Home > Case Studies > My Baby Had a Hole in the Heart: Case Study

My Baby Had a Hole in the Heart: Case Study

By: Kathryn Senior PhD - Updated: 26 Jan 2013 | comments*Discuss
 
Hole Heart Baby Atria Atrial Septal

Vanessa has just had her hair done and has just come from having a manicure. “Tonight is our wedding anniversary and it’s the first time we have been out for a whole year, since just before our daughter Carly was born,” she explains.

For 13 months now, Vanessa and her husband Adam have had a stressful time since a doctor at the hospital where Carly was born broke the news to them that she had a hole in her heart.

“Carly was just a couple of days old and we thought everything was perfect but when she was born, she was a bit blue and the medical team had taken the precaution of doing some tests. We never really expected anything to be wrong as Carly was a feisty baby, she was feeding well and she was a good weight at 7 pounds,” remembers Vanessa.

Hole in the Heart Diagnosis

The doctors explained that Carly had a large atrial septal defect. This is a hole in the wall between the two atria of her heart, a hole that normally closes up at birth. “I had never thought about the moment a baby is born and how they switch in seconds from absorbing their oxygen through their placenta to breathing. The way the blood vessels are connected to the heart changes very quickly and the miracle is that the vast majority of babies have normal hearts,” says Vanessa.

In Carly’s case, something had gone wrong with this usually efficient natural process. Babies can also be born with a hole in the wall between their ventricles, the bottom chambers of the heart, a condition known as a ventricular septal defect. Holes in both sites can vary in size; some are no more than a pin hole and are rarely detected unless a problem occurs later in life. Others are larger, but many do close up naturally in the first few years of life.

Tense Parenting

Although Vanessa and Adam were reassured that Carly’s atrial septal defect was only a moderately sized hole, they were desperately worried and found it difficult to relax and enjoy being parents once they got Carly home. “We had planned on having the cot in our room at first but after a couple of months, neither of us dared suggest that we move it to the nursery bedroom that we had finished decorating for Carly.

Carly’s immunisations were another worry, but the health visitors and doctors reassured the couple that there was no reason why a baby with a hole in the heart could not have them. They also stressed that Carly was not considered a sick baby and she seemed very healthy, although she was gaining weight at a rate that was well below average.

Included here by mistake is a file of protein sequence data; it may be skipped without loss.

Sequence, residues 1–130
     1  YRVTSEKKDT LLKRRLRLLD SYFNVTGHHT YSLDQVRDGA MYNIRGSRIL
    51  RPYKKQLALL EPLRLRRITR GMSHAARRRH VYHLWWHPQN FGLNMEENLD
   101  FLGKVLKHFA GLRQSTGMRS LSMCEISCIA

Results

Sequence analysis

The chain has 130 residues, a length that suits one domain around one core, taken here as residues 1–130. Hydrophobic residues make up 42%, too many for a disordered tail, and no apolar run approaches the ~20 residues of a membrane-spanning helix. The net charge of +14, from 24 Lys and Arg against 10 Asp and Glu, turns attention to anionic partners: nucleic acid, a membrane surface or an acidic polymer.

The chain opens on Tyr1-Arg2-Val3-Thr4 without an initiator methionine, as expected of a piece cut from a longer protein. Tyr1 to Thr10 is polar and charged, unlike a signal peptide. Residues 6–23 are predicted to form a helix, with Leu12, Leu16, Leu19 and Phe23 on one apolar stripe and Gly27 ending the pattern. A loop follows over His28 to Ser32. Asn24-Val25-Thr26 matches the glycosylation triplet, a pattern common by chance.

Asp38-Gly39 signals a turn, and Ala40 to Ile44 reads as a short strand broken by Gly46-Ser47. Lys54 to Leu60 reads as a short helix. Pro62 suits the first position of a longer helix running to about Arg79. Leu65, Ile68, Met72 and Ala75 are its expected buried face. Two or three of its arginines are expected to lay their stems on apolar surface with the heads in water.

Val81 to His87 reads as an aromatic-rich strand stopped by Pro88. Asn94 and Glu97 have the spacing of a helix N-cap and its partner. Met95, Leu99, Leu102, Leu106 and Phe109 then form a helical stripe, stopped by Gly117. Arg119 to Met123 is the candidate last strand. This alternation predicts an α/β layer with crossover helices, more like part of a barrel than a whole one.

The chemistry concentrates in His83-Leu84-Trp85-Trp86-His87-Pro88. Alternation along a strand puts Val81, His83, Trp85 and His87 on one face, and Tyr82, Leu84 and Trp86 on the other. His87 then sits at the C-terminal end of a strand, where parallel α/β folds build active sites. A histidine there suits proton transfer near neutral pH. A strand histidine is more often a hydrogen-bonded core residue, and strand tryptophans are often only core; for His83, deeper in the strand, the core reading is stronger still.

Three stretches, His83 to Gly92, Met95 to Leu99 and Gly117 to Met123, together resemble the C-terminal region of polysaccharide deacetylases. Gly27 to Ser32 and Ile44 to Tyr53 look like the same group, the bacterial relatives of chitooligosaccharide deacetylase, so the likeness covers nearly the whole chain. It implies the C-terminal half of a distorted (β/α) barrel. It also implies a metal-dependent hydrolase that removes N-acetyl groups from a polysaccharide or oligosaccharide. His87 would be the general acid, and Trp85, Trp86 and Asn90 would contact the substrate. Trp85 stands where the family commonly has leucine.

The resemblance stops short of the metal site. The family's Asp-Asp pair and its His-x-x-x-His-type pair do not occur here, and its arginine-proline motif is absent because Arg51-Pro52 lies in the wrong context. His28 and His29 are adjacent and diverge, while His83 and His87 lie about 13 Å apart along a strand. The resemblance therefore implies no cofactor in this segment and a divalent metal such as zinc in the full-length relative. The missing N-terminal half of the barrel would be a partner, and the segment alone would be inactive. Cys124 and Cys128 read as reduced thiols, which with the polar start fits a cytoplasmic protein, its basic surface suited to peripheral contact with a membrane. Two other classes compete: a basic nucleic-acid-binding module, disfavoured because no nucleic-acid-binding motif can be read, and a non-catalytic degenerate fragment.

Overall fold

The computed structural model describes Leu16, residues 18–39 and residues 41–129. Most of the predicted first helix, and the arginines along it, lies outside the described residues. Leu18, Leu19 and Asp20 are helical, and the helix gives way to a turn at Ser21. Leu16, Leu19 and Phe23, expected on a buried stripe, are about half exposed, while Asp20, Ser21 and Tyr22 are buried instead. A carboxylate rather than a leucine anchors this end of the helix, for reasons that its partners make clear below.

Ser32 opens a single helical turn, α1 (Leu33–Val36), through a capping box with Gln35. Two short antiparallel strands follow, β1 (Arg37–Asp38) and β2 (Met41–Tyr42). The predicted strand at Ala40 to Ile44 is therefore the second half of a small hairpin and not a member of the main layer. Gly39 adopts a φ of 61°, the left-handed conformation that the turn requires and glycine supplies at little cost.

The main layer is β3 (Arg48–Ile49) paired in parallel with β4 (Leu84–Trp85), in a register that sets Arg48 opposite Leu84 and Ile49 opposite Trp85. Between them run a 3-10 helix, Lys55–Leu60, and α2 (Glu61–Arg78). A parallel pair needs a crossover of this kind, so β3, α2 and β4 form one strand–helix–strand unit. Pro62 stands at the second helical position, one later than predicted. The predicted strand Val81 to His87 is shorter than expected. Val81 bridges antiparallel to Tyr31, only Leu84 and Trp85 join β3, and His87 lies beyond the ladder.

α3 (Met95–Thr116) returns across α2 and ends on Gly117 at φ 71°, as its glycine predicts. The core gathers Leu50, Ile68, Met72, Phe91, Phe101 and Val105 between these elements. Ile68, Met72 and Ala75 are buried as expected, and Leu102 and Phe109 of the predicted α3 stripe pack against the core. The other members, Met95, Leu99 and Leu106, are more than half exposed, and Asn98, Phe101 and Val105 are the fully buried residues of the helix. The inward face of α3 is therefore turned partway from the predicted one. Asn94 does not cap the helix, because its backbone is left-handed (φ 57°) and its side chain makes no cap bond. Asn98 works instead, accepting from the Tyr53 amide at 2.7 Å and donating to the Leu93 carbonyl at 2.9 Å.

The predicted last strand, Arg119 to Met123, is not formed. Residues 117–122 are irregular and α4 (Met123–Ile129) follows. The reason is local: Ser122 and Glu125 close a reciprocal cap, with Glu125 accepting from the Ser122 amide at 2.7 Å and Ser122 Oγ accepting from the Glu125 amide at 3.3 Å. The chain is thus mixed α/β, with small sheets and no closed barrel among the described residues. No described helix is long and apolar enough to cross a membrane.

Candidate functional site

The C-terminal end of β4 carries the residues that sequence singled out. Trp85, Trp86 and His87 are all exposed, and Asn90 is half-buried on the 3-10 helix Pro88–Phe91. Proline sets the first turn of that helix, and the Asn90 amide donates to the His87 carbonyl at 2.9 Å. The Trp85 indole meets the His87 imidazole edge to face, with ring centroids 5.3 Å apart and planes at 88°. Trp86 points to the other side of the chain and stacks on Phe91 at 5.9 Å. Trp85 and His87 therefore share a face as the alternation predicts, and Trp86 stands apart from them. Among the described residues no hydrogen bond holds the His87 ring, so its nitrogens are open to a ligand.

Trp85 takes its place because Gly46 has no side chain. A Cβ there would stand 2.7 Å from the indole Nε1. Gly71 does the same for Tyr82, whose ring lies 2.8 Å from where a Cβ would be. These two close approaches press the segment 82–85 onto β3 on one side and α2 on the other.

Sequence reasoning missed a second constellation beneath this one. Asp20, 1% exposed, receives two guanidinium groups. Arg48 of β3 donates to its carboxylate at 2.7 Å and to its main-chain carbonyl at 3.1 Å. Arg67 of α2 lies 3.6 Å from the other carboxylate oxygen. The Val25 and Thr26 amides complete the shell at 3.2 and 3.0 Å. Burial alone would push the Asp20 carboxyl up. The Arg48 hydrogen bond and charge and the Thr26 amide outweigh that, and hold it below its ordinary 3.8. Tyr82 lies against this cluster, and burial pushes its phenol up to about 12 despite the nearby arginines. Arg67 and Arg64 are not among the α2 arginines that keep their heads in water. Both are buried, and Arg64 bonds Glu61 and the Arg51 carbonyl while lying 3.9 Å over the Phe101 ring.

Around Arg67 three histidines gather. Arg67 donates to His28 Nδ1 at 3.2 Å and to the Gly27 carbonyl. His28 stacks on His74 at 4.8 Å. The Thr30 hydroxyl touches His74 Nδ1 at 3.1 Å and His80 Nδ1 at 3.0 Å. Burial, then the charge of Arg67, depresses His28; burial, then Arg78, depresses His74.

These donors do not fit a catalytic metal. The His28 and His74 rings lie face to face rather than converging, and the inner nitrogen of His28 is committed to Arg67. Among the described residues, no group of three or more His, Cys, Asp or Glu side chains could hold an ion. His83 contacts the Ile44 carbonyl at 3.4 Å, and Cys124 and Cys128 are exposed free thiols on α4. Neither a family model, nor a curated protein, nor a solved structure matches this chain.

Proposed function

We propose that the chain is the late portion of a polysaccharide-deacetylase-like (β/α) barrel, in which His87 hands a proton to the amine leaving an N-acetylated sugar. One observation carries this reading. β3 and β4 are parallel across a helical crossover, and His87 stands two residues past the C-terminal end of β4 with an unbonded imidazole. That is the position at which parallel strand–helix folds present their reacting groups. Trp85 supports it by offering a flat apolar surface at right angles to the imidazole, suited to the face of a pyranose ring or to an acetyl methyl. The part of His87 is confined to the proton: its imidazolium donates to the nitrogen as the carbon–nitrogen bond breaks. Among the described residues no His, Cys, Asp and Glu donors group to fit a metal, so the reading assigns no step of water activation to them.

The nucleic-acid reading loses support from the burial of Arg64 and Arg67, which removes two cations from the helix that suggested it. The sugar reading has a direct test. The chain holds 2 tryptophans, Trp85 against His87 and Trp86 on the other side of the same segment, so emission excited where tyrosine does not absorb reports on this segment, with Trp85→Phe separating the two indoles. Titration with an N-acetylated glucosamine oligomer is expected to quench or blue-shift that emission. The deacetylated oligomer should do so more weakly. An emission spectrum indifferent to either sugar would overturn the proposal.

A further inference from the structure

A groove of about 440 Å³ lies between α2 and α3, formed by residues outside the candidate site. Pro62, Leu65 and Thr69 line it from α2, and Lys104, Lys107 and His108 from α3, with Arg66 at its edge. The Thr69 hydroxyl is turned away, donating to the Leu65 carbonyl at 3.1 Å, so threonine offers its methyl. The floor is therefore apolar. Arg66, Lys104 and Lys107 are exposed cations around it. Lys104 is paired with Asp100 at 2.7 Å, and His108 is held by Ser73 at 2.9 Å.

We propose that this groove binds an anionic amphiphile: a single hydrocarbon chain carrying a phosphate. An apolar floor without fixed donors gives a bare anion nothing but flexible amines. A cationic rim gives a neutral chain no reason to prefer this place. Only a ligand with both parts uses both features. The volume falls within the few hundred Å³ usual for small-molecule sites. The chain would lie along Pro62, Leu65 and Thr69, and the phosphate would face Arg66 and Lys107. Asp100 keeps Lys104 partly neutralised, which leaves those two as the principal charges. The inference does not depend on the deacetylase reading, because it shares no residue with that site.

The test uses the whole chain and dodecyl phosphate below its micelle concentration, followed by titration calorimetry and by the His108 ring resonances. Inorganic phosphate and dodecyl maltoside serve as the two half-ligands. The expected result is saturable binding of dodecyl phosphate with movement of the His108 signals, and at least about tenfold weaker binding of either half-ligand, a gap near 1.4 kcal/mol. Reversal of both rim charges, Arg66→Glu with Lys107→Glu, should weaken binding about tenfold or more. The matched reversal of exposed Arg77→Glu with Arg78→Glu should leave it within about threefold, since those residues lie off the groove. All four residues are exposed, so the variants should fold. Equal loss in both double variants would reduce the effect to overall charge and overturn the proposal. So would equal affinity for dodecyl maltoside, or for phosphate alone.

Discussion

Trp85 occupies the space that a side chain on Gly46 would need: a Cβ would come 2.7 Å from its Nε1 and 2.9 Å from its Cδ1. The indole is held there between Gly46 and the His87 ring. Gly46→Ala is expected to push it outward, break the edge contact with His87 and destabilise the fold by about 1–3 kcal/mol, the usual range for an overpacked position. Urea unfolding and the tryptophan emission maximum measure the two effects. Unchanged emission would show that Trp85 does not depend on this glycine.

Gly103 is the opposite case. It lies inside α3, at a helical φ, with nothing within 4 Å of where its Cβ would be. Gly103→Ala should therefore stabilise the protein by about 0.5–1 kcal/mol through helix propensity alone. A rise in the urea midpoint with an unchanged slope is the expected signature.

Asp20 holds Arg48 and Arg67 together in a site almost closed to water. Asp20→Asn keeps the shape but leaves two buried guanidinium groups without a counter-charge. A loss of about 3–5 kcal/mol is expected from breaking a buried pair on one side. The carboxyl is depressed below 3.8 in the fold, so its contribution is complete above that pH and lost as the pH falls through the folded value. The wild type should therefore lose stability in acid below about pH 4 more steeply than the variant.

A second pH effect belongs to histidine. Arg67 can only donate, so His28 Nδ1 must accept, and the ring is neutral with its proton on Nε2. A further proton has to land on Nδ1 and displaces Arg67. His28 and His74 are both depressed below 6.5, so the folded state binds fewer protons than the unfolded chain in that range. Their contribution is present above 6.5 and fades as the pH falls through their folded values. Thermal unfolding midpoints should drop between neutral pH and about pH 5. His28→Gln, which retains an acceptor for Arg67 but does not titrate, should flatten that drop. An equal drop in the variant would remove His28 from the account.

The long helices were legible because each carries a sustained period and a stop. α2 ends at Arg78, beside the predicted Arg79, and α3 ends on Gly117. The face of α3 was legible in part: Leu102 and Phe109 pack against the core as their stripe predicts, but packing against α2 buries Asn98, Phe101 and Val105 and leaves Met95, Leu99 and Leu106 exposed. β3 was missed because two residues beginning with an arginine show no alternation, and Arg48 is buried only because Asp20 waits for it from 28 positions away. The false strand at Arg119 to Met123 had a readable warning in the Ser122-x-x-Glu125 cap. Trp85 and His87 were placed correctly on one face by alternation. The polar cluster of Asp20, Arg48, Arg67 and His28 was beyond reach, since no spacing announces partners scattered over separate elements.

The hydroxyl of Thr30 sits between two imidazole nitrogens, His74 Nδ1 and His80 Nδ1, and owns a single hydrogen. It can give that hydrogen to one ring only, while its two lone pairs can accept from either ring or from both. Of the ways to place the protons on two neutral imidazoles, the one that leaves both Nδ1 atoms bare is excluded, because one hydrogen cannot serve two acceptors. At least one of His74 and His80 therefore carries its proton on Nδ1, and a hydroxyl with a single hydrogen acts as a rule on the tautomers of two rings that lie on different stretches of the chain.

Check up at Six Months

When Carly was six months old, she was referred to a specialist cardiac unit to have some ultrasound checks to see if the hole between the atria of her heart had changed in size. “We had noticed that Carly had started to grow and put on weight a bit faster so we were hopeful that it had gone away – but, it had actually increased in size,” recalls Vanessa.

Still nothing needed to be done, and there were no obvious signs that Carly was having difficulty moving around or breathing. “In fact, she was the first baby in the group of friends that I met up with regularly to turn over and then the first to sit up,” says Vanessa. Still, the couple could not stop worrying and Carly continued to sleep in her cot in their room and Vanessa started to lose weight herself with the constant broken nights. “It wasn’t that Carly woke us up more than once for some milk – I was just panic stricken every time she slept quietly!” says Vanessa.

Meeting Other Children

When Carly was coming up to one year old, her medical team realised that her hole in the heart was taking more toll than it should on her parents, particularly on Vanessa and one of the health visitors arranged for the couple, and Carly, to meet a support group of parents and children who had faced the same problem. “That helped so much – there were children there of all ages from 1 to 9 and they all looked so well. It was great to be able to talk to other people who had experienced the same thing and after that, Carly had her one year check up and the tests showed her hole in the heart has started to close.

“So, for the first time, Adam’s mum is babysitting tonight and we are having our first night out together... and I think I’m going to enjoy it without worrying for once,” she smiles.

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I've had an interest in cardiac issues for quite some time now and I am considering being a cardiologist. The heart is one organ that baffles me the way it works;quite interesting.
T-gurl - 26-Jan-13 @ 1:05 PM
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